Saturday, June 23, 2018

All the Suns

The Sun Makers was one of my least favourite Fourth Doctor serials the first time I watched through the series and I still don't like it very much. The best parts are improvisations between Tom Baker and Louise Jameson--the Fourth Doctor being my favourite Doctor and Leela being one of my favourite companions. But the main story, which Robert Holmes wrote apparently inspired by his recent troubles with tax authorities, has the trappings of a political satire but never connects because the premise doesn't make any sense. With some especially badly coordinated action sequences, the episode spends most of its time treading water in a capture and rescue routine.

The TARDIS materialises on Pluto where, in the future, suns have been manufactured to give the planet constant, global sunlight. Workers are enslaved by an all powerful Company and forced to pay enormous taxes. We meet poor workers who are breathing air polluted with drugs designed to give them anxiety and a cartoonish elite led by a Gatherer (Richard Leech) and Collector (Henry Woolf).

But a satire about taxation really only works if the people being taxed have some economic autonomy. What is the Collector taxing, exactly? Currency? What use is the currency the Collector and his Company presumably produce when they literally control everything--world, resources, and even the suns? All of the workers seem to be devoted to mining and industrial operations. They certainly don't seem to be selling anything to any competitors. Maybe some people are subsistence mining?

But the Doctor and Leela are so charming together. There's a moment early on where Baker obviously seems to improvise a line that causes Jameson to break. Leela speculates, "Perhaps everyone runs from the taxman," after which there's a pause and their new worker friend nods. Baker needlessly says, "He says you're right," and Jameson's face instantly turns into what seems like suppressed laughter. It's not especially funny but the feeling of authenticity to the moment is a charming diversion.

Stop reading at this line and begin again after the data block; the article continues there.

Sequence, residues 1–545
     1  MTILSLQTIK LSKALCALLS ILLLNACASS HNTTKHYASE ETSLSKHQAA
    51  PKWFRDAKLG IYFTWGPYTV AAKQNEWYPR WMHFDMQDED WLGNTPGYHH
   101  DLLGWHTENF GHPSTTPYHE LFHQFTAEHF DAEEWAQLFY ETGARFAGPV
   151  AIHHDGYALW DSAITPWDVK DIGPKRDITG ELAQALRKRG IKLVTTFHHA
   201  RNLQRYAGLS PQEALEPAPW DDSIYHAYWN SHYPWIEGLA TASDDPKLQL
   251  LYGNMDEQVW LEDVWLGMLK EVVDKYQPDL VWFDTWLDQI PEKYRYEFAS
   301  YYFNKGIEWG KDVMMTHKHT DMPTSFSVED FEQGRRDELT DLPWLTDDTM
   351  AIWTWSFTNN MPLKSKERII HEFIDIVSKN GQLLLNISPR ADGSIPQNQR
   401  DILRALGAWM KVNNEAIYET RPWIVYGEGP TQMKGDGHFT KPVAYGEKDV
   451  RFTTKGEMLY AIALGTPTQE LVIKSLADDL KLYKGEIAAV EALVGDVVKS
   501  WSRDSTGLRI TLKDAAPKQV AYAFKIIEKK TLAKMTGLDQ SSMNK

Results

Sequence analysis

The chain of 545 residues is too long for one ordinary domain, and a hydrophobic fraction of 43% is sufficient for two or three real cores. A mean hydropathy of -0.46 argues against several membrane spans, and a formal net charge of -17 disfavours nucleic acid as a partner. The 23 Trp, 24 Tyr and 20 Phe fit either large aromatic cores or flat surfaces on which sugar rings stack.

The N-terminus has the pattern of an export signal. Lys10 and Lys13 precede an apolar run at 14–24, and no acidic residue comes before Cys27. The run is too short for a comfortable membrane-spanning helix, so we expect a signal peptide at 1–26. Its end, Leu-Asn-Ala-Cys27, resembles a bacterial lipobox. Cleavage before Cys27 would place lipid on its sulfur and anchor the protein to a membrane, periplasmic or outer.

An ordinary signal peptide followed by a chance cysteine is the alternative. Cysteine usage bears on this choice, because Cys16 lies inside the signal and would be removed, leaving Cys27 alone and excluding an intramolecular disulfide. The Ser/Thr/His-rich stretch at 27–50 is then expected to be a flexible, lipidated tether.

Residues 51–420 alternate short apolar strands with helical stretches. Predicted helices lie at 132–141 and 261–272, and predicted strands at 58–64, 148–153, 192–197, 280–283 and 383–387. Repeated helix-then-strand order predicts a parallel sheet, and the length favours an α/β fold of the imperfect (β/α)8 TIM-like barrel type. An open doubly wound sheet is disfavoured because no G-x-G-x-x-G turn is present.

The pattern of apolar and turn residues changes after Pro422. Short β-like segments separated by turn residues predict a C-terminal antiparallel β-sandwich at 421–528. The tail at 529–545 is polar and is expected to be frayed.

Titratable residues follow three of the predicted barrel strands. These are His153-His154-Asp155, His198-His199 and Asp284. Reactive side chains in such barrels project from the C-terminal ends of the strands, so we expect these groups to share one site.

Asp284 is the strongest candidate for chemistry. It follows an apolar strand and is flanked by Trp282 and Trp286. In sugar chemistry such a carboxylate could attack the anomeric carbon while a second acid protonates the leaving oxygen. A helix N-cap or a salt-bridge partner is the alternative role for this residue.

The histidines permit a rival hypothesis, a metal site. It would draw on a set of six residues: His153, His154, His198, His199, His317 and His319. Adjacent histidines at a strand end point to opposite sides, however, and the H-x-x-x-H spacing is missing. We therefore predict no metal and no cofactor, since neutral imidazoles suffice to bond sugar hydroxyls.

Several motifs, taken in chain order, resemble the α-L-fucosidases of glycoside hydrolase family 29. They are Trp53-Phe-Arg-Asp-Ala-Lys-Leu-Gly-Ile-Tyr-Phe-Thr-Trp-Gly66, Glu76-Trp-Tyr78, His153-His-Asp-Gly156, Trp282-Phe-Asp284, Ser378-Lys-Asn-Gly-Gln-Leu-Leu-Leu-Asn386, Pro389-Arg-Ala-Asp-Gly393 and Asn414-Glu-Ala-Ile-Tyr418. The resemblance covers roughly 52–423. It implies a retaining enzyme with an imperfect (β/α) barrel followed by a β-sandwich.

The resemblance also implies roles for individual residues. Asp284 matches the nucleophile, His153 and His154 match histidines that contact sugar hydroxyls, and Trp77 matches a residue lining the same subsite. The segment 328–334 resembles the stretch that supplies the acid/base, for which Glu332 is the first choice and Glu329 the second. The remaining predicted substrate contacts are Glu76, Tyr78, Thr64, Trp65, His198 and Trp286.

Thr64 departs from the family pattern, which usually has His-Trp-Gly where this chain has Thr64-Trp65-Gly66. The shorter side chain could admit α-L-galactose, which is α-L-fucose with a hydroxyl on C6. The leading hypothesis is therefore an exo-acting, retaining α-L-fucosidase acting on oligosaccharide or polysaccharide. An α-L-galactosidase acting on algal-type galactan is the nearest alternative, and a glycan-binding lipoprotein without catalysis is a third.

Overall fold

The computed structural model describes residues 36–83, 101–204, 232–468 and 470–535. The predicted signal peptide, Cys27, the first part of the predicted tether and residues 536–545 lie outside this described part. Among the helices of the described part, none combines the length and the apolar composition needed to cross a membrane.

This is the second serial to feature K9 (John Leeson), following The Invisible Enemy, a serial I like even less. The Sun Makers is book-ended by a chess game between the Doctor and K9.

Here's the board at the start and it's the Doctor's move. Looks like he has both a bishop and a queen vulnerable to K9's queen. A sensible move would probably be to move his queen to a point where the queen and bishop protect each other--I'd probably move queen to queen's two. Instead, though, the Doctor takes the pawn on queen's knight four, inexplicably deciding to leave his bishop, queen, and now a pawn open to attack. K9 ignores all this so maybe there's a trap I don't see and gives check by moving his "bishop to queen six." Fortunately for the armless K9, Leela seems to learned chess notation.

I assume it was Baker's improvisation to move his king all the way across the board after this--when K9 says, "Wrong square" it's an understatement. K9 claims to see mate in six moves but that depends on how the Doctor moves. He doesn't have many options. But by going king to king's three he can at least protect his queen and then take K9's queen if K9 decides to do a discovered check by moving his bishop. But if K9 decides to take the Doctor's bishop the Doctor can't get compensation. It's hard for me to believe he didn't see all this trouble coming from his pawn move, though. I think he was letting K9 win.

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